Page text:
Keene police department cracks down

Police presence on campus increases in hopes of improving relationship with the community

The Keene Police Department is switching up its tactics to increase the safety of Keene State College students. KPD is cracking down on college partying by expanding their security  both on and off campus.

College Liaison Officer Kyle Macie confirmed that KPD has upped the ante when it comes to patrolling at KSC.

“We’re looking for an early understanding that we’re not going to have chaos,” Macie said. He said KPD is looking for more order during the school year to control parties and the abuse of drugs and alcohol.

Macie could not express enough how important it is to KPD that officers create positive contacts on and off campus.

“[Officers] want to be able to walk around and be friendly with students,” Macie said.

Macie explained that KPD is looking to engage with students in a positive way to decrease any fear they may have.

“We’re not just here to arrest you,” Macie said regarding officers on duty, “We’re here to keep you safe.”

Ali Tolan, first-year student at KSC, witnessed the rise in the number of police officers on campus.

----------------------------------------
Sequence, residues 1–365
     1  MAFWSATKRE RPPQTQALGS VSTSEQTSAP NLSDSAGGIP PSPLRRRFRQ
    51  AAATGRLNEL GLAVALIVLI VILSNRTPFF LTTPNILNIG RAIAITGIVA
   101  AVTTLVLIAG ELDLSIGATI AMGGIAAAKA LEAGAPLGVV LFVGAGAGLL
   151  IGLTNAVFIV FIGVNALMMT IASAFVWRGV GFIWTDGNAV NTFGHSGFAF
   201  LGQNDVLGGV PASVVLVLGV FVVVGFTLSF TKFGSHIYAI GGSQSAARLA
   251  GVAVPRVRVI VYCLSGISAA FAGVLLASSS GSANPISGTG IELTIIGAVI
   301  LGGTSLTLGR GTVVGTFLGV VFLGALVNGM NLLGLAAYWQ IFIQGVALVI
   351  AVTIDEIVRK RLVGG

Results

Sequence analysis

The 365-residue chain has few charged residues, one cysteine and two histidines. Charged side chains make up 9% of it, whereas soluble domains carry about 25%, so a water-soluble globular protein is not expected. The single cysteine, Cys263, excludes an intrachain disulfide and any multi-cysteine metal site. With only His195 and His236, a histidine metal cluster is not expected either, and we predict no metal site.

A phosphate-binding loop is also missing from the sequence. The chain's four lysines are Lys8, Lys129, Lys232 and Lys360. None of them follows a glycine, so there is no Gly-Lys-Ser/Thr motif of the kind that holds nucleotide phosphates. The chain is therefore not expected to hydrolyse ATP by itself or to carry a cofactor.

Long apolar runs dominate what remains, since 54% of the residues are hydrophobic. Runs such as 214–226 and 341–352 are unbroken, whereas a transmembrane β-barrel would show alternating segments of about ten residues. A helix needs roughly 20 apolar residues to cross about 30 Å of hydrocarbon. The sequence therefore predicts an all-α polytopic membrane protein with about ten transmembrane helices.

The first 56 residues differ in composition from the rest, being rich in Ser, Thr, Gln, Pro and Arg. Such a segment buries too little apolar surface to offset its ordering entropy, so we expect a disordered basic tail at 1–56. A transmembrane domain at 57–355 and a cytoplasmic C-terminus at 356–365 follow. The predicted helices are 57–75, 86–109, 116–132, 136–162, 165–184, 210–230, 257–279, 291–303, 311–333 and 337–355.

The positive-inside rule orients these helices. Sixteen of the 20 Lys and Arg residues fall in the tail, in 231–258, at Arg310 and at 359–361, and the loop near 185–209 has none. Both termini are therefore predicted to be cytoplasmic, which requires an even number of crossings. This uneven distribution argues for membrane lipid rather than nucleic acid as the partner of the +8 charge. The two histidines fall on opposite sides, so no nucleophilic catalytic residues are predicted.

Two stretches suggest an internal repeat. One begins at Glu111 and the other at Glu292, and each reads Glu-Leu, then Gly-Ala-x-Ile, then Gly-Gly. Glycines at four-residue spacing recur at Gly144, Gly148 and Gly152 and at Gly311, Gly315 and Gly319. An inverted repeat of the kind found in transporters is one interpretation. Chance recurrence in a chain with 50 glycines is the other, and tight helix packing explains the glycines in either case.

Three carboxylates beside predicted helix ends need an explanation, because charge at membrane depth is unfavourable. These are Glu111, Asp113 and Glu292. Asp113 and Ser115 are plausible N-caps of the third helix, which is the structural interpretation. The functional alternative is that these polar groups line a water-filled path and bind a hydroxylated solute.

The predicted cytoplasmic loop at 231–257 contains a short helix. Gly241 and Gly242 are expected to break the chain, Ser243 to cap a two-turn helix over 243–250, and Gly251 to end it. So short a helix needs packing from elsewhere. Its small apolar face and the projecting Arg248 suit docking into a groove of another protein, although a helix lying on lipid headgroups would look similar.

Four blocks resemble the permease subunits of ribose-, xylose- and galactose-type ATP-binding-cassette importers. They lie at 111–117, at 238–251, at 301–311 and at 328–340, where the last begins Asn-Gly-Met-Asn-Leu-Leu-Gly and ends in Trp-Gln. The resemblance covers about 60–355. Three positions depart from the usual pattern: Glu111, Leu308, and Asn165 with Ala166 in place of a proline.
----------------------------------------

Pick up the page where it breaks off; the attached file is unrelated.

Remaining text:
“I saw a cop every five minutes,” Tolan said.

Although she hasn’t had a conversation with a KPD officer, Tolan said she is skeptical about the increasing numbers of officers on campus.

“From a student’s perspective it doesn’t seem like it’s for safety,” Tolan said the amount of officers seems “too harsh.”

By heading out of the station earlier than usual, Macie said KPD officers have a longer time

George Amaru / Art Director

George Amaru / Art Director

span to interact with students before the night begins. According to Macie, officers usually increase patrol at KSC on Thursday, Friday and Saturday nights but are trying to be present around students every day of the week.

“By going out earlier, we have a better chance of reaching out to students,” Macie said. He said it is important to have face-to-face interaction so students can see the effort officers are putting in.

“We want students to know they don’t have to be afraid of us,” Macie said.

KSC sophomore and student athlete Amber Curran said KPD’s new tactics are a good way to interact with students.

“After the Pumpkin Fest riots, the officer-student relationship hasn’t been the same,” Curran said.

Curran said she believes students should accept this new approach.

“It’s already in effect,” Curran said. She continued, “there’s no point in pretending [the officers] aren’t there.”

Macie said he believes students are reacting well to the changes.

“It’s still early,” Macie said. He continues, “We really want to work together to help keep the students safe.”

As for advice to KSC students, Macie said he encourages all students to drink responsibly, know where they’re going, stay with friends and call for help when it is needed.

Mackenzie can be reached at

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